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Civic Skinny

They’re back! Marty Tirrell, Jackson Pollock, LaMarca & Landry — and a jaw-dropper!

3/12/2014

Updates: But first, the news. It was just a couple of weeks ago, it seems, when we explained how Indianola sports broadcaster Marty Tirrell gets those tickets for big sports events that he then gives or sells to listeners and advertisers. He has a simple procedure: He stiffs the sellers. That led to two judgments against him, of $107,665 and $182,172, in Federal District Court in Chicago in recent weeks.

It turns out that’s apparently how he gets buses, too. Last week, CIT Charters of Ames went to Story County District Court and sued him for $4,559.34, saying it provided the buses but Tirrell didn’t provide the money. It says he chartered a 55-passenger bus to haul folks from Phil’s Bar in Clive to Ames for the Iowa-ISU football game on Sept. 14 — and still hasn’t paid the $1,000 bill. Then, the lawsuit says, he chartered a 47-passenger bus to take fans from West Des Moines to Green Bay for the Packers game against the Chicago Bears on Nov. 4. The $3,559.34 bill remains unpaid, the suit in small claims court says.

Now, the updates.

Costs in the Chris Godfrey case continue to mount. The Executive Council this week approved another $3,134.98 for LaMarca & Landry, the law firm getting up to $325 an hour to defend the state and the Governor in the defamation, extortion and discrimination lawsuit brought by Godfrey, the state’s director of Workers Compensation.

Gov. Terry Branstad tried to fire Godfrey, a highly regarded holdover appointee from the Democratic administrations who has a fixed term that runs till next year, and when Godfrey refused to go the governor chopped his salary to $73,500 a year from $112,000. This probably isn’t relevant, of course, but Godfrey is the only openly gay member of the Branstad administration. So far, the LaMarca lawyers have turned in bills for $480,912.68.

Last week there was a hearing in the Iowa Supreme Court — apparently not covered by Des Moines media — though the major aspect of the case is still in Polk County District Court. Translation: Lots of billable hours ahead. …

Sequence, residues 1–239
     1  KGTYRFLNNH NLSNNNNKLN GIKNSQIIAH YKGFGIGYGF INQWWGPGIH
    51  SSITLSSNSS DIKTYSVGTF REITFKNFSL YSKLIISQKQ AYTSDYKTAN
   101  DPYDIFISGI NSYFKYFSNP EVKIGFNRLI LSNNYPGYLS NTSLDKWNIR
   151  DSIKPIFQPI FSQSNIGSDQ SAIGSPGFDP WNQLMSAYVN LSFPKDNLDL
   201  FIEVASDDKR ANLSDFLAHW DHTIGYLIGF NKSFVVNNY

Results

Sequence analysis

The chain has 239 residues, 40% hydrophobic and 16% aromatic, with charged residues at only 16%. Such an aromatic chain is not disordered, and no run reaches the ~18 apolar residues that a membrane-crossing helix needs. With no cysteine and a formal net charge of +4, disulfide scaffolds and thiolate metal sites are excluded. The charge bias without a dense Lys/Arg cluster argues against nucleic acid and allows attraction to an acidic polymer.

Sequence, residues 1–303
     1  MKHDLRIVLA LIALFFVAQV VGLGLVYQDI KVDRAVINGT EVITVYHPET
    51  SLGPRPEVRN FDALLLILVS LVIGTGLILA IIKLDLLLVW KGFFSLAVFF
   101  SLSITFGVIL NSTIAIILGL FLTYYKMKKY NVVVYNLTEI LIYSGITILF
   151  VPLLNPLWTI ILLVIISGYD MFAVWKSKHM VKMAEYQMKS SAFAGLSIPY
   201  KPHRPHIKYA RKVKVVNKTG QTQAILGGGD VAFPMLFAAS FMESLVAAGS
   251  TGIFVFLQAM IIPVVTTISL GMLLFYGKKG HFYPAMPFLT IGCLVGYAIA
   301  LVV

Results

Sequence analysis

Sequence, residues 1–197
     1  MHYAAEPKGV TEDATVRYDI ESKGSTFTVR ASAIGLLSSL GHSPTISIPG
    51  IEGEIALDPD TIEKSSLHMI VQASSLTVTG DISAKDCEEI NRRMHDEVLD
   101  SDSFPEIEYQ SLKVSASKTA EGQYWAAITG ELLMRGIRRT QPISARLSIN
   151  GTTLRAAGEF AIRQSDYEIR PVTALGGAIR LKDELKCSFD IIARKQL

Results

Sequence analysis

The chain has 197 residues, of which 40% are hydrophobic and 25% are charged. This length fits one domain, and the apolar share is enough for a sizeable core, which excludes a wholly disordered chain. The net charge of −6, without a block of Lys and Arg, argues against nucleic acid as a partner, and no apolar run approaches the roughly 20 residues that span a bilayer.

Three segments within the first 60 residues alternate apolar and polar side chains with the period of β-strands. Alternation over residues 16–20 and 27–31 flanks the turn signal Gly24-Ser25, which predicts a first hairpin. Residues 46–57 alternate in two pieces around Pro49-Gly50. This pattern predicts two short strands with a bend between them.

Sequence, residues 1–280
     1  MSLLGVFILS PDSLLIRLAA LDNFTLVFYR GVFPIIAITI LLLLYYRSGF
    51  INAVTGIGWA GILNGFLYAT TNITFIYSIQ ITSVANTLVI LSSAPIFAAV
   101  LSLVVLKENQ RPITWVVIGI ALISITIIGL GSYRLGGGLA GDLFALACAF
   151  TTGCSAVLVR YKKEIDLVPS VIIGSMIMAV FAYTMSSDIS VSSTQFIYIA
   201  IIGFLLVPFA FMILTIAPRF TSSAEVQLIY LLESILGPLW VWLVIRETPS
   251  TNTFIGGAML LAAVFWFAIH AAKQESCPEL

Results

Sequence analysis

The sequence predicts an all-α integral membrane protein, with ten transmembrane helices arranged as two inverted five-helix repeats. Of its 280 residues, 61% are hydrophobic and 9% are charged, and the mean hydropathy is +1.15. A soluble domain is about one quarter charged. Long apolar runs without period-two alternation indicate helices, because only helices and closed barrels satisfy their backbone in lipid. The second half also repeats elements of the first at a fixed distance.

When will the $150 million Jackson Pollock Mural return to the University of Iowa campus in Iowa City? Don’t hold your breath. Several years ago, some blockhead on the Board of Regents suggested it be sold with the proceeds used to provide scholarships — annually and forever — for 1,000 needy Iowa undergraduates. Or un-needy ones. But he was shouted down by art lovers and university folks, and among the arguments was that the mural — which many students did not know existed, and which was viewed annually by about half as many people as attend a Saturday football game — “makes an important contribution to the [University of Iowa] Museum’s role as a teaching resource for students and the university.”

Alas, it’s been close to six years now that students have managed to matriculate without that important teaching resource. The Mural was spirited out of town when the floods destroyed the university’s museum in 2008, and it hasn’t been back. It was stored in Chicago, then displayed in Davenport and Des Moines, and then sent to Los Angeles for a scrubbing (not an accepted term) and display.

It won’t return to Iowa City until a new museum is completed, university officials say, but no one has raised the money for that — the last estimate was about $75 million — and not a spade has been turned. “The Iowa Board of Regents has authorized the University to proceed in seeking a public/private facility partnership to create a new museum of art,” the university said in response to questions from Cityview. “At the board’s meeting this March, the University will seek approval for the qualifications it proposes to use in seeking a private development partner.”

Meantime, the Mural has been spruced up at no cost to the university. “The cost of the conservation (please note that it is not a ‘restoration’) of ‘Mural,’ one of the most significant works of American art, will run into the millions of dollars over the two years (July 2012-July 2014) it is at the Getty, but since the Getty is kindly and generously paying for this conservation, the insurance, etc., no one at the University of Iowa knows the total amount. The Getty will also fund a major exhibition in Los Angeles on Mural from March 2014 to June 2014, which is expected to bring several hundred thousand people to view this Iowa masterpiece.” That exhibition in Los Angeles opens this week.